I'll try one last time.
If *ALL* of the three following conditions are true, Vegas _MAY_ help with latency _only on heavily congested networks_:
1. One of the endpoints *MUST* be *THE ROUTER ITSELF*. Thus, if you are just using "normal" Tomato, about the only thing it might help is the built-in FTP server, if you have one and have it directly on the Internet. If you are running third-party software on Tomato (transmission, Hiawatha, et al), then Vegas might actually help. If all of your software that actually creates TCP socket connections runs on clients sitting behind your router (Linux boxes, Windows boxes, Mac boxes, what have you), then enabling Vegas on the router _WILL DO NOTHING WHATSOEVER_, because the TCP packet headers that the algorithm modifies are created *ON THE ENDPOINT, NOT THE ROUTER* and that is the ONLY place they can be modified.
2. The connection *MUST* be TCP *ONLY*. UDP need not apply, since sliding TCP windows can't be supported in the absence of TCP headers (or TCP itself!).
3. The other endpoint (on the other side of your TCP socket - see above) _SHOULD_ be using Vegas congestion avoidance as well for maximum effect. If they are using CUBIC, it _may_ benefit. If they are using Reno (the default with most router OSes, but not with Windows XP/Vista/7), Vegas (in the vast majority of cases) will actually make things _worse_.
In general, QoS is going to make a difference only with outbound traffic, where Vegas seeks to optimize _both endpoints_ of a TCP connection…which is why it's a damned good idea to have Vegas on both sides (and where the apps are *ACTUALLY RUNNING*, see point #1). One-way optimization will actually lead to madness, since the outcome is completely unpredictable.
Honestly, the biggest mistake I ever made with the Tomato project was entering into the "arms race" with DD-WRT and implementing Vegas. Fooling around with congestion avoidance is a lost cause unless you really know what you're doing (*particularly* behind an asymmetric connection like consumer-grade DSL, cable modem, or FiOS, since all of the inbound buffering is done at the ISP completely outside of your control). QoS, on the other hand, can produce very real, useful results if used with forethought and understanding of how IP communications works in general (and you accept up front that you will only ever be able to optimize the outbound leg of any connection).
So…since 99.99% of the population does NOT fall into the above categories, despite the fact that Vegas is indeed implemented and working in Tomato, it _is_ snake oil because it *cannot* and *will not* help them…and _ANY_ reports you have read otherwise are wishful thinking in complete ignorance of what TCP Vegas actually is and does.
I've tried my best to explain this time and again, and pointed people at the whitepapers written by the creator of the algorithm, all to no avail. If people refuse to listen, I really can't help that.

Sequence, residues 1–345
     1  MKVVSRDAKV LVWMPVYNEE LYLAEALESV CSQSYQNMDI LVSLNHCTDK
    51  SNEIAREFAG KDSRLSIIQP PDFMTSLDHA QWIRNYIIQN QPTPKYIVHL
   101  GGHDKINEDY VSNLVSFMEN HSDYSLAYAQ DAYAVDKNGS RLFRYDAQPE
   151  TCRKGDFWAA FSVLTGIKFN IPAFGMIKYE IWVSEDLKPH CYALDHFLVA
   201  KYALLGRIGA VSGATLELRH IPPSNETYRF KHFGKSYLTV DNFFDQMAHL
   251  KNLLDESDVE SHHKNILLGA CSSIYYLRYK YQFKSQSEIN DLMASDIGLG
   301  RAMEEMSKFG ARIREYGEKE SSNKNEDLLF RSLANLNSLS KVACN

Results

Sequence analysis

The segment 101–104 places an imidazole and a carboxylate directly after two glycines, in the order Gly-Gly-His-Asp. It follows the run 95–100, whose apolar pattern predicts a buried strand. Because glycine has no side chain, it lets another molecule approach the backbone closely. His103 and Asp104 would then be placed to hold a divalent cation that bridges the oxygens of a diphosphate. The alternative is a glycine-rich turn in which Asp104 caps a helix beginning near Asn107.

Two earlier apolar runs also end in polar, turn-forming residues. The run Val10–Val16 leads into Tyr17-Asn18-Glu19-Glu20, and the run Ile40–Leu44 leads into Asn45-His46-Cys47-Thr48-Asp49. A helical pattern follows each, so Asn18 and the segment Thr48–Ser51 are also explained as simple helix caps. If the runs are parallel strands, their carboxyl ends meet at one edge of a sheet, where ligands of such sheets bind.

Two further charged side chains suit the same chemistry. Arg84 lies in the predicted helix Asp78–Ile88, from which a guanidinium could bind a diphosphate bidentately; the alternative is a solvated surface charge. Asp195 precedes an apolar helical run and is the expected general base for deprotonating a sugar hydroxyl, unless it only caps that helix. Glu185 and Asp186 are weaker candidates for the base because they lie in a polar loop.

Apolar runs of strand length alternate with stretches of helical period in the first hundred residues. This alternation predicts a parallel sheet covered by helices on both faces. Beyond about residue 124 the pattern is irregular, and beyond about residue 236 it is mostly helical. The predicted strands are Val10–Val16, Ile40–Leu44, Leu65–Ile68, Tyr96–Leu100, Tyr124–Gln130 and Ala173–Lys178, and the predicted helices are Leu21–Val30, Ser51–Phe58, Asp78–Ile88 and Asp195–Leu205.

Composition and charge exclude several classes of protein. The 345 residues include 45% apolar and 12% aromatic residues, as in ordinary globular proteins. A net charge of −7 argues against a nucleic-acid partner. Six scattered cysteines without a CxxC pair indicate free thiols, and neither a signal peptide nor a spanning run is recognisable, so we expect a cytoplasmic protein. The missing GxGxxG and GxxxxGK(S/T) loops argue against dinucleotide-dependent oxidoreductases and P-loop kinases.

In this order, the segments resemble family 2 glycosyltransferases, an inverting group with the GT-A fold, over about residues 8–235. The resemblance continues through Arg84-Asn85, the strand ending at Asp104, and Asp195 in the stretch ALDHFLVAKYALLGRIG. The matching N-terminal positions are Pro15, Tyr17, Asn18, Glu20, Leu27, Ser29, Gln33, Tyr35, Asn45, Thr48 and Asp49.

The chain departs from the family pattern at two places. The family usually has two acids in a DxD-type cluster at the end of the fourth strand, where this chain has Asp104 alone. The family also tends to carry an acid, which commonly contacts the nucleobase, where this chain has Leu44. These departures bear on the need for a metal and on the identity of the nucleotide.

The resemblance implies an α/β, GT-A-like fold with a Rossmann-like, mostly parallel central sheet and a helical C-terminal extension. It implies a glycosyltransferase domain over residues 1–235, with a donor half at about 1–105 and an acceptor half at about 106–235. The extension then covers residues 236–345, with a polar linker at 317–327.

No, CUBIC is not in Tomato, and it never will be on my watch, because every single thing I said above also applies to CUBIC, and nobody's going to listen to me talk about how CUBIC is useless except in very special cases, either.
It may be useful for you to read up on Vegas (and congestion control in general), where you'll quickly come to understand that a) none of them really apply to asymmetric connectivity and b) all of the tests showing benefit are on closed-loop LANs with the same algorithm in use on both endpoints - in other words, a local test lab. Local test lab != low-speed consumer-grade asymmetric WAN connection crossing oceans.
This is the last I will ever write about this subject, simply because I have better things to do with my time than repeat myself every few months. If I had the means, I'd rip Vegas out of Tomato forever, because this "debate" seems to have no end whatsoever.
And I sincerely apologize for coming across as rude, but I hope you can appreciate my frustration. Your questions - and doubts - suggest strongly you haven't done much research on the subject, and have refused to believe what you've read from people that actually know what they are talking about. So, that having been said, use it if you want - it won't make any (positive) difference, and won't change my life one way or the other.
FYI, none of this has _anything_ to do with PowerBoost whatsoever - PowerBoost is a means of using header stripping and compression, in addition to edging channel boundaries out a bit, to try to appear to be faster than you really are. In practice, it is _also_ snake oil, but I lack the patience to rant any further about that…Google is your friend.
It's simply not possible to get something out of nothing, and there is no "magic bullet" that is suddenly going to make a home DSL connection start behaving like a bonded T3. The best you can hope for is to control the order of the bits you're sending out - that's it. If you want to go faster, buy a fatter pipe from your telco or cable provider.